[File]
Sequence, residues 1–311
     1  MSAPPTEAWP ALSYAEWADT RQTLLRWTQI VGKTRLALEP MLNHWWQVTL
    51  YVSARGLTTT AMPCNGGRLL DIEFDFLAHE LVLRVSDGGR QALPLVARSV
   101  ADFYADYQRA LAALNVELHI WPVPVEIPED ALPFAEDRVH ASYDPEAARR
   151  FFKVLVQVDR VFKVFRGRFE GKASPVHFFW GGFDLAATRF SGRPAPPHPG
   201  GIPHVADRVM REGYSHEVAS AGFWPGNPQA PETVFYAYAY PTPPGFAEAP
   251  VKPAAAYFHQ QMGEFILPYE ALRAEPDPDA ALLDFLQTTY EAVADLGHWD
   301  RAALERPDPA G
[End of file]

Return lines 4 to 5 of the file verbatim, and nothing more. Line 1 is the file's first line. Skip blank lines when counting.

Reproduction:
   101  ADFYADYQRA LAALNVELHI WPVPVEIPED ALPFAEDRVH ASYDPEAARR
   151  FFKVLVQVDR VFKVFRGRFE GKASPVHFFW GGFDLAATRF SGRPAPPHPG